Most office noise takes the form of distractions: keyboards clacking, co-workers yakking, phones ringing, printers whirring and indistinct music from the headphones your colleague has retreated behind. Distraction increases when noises are unpredictable and workers lack control over them. Concentration and mood suffer; productivity can drop by 66 percent.
In a white paper commissioned by Biamp Systems of Oregon, sound experts recommend a four-prong strategy to reduce noise and replace it with desirable sound:
- Acoustics - Add sound-absorbing materials to walls, floors and ceilings to reduce echoes.
- Noise reduction - Relocate, repair or replace noisy equipment or furniture.
- Sound system - Install a high-quality system that distributes sound evenly.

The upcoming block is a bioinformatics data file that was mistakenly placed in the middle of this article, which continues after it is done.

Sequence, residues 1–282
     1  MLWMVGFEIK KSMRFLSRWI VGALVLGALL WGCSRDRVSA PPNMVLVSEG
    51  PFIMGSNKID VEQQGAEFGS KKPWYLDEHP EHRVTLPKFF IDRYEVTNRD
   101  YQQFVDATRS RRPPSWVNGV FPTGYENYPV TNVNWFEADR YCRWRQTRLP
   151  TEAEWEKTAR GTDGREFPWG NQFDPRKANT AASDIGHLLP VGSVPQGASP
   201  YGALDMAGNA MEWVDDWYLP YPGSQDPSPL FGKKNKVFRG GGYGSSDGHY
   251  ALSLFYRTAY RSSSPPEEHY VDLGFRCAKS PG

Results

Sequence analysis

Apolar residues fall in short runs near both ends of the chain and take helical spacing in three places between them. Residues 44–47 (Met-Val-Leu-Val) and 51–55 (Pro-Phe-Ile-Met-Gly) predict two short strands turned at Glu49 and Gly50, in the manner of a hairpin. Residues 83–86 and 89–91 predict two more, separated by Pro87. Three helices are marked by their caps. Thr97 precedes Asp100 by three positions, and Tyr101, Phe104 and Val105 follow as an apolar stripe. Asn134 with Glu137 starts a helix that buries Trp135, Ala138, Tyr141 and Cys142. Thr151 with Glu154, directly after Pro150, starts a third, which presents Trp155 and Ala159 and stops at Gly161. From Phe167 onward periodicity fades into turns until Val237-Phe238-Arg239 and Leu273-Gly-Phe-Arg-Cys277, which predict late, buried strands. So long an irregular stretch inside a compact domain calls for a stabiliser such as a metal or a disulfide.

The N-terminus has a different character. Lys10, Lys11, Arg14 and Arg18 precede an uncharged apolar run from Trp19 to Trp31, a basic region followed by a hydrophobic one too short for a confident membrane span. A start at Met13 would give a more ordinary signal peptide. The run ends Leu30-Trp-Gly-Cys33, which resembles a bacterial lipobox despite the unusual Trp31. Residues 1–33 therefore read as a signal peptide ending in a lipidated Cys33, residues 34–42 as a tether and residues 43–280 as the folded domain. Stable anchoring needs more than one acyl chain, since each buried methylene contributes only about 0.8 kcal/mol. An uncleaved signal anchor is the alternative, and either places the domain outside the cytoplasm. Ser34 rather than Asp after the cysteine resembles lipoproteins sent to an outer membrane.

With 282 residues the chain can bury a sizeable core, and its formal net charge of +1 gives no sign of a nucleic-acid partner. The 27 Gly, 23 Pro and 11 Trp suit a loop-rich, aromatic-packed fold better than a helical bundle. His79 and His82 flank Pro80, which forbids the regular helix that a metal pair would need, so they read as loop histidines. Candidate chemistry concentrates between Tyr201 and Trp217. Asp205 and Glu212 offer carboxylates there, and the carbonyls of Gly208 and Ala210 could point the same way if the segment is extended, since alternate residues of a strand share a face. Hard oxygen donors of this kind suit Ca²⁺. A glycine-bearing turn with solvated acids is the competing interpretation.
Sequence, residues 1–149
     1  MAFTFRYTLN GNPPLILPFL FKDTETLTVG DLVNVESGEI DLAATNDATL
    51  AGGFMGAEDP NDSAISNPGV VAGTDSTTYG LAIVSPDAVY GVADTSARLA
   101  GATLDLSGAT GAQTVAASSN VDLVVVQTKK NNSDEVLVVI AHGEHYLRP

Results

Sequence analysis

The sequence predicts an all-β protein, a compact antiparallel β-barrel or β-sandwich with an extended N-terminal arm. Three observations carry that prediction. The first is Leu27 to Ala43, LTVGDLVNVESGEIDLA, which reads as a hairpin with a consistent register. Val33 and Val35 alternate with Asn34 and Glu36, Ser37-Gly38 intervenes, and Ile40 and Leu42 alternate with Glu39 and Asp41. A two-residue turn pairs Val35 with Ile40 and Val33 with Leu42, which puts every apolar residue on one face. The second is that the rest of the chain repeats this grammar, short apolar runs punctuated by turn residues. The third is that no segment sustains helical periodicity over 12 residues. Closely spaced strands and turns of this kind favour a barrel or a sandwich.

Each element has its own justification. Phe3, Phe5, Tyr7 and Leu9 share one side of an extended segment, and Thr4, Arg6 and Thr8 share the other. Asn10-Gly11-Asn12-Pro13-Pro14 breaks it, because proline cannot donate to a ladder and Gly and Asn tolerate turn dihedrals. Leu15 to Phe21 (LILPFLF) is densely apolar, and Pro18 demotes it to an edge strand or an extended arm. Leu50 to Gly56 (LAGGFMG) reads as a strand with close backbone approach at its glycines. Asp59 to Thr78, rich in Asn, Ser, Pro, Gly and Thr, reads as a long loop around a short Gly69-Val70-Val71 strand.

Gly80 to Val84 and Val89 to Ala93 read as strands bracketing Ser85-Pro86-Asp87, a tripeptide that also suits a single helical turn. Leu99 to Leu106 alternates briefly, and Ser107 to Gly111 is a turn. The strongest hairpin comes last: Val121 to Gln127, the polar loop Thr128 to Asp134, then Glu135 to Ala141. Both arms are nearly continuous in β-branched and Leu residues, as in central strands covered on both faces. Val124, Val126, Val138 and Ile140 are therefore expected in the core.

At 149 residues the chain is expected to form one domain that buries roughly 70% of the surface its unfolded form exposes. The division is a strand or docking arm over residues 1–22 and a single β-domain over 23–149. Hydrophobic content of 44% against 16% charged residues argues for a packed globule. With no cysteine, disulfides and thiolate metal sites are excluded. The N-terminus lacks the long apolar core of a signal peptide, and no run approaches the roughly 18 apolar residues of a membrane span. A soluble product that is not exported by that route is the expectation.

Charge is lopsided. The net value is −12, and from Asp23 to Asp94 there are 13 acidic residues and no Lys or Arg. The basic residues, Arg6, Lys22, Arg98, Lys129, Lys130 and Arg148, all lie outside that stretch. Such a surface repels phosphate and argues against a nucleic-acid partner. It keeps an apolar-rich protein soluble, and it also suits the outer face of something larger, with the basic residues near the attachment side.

- Content - Choose appropriate ambient background sounds to mask incidental noise.
Soothing music and fountains have long been staples in public spaces. Sound masking today also employs natural sounds, like ocean waves or birds; noise-canceling white noise, like a constant “sh”; and finely tuned frequencies calibrated to the human voice.
German neuroscientists found that white noise improves memory, but researchers at Rensselaer Polytechnic Institute found that office workers focused better listening to water sounds than white noise or a quiet office background.
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Breath of Fresh Air
Poor indoor air quality cuts productivity. Insufficient ventilation concentrates pollutants, such as volatile organic compounds (VOCs), the chemicals you smell after new paint or carpet, and carbon dioxide (CO2), the gas each building occupant exhales. High CO2 levels have been shown to reduce concentration, attention span and memory in classrooms. In 2003, researchers identified 15 studies linking improved ventilation with productivity gains as high as 11 percent.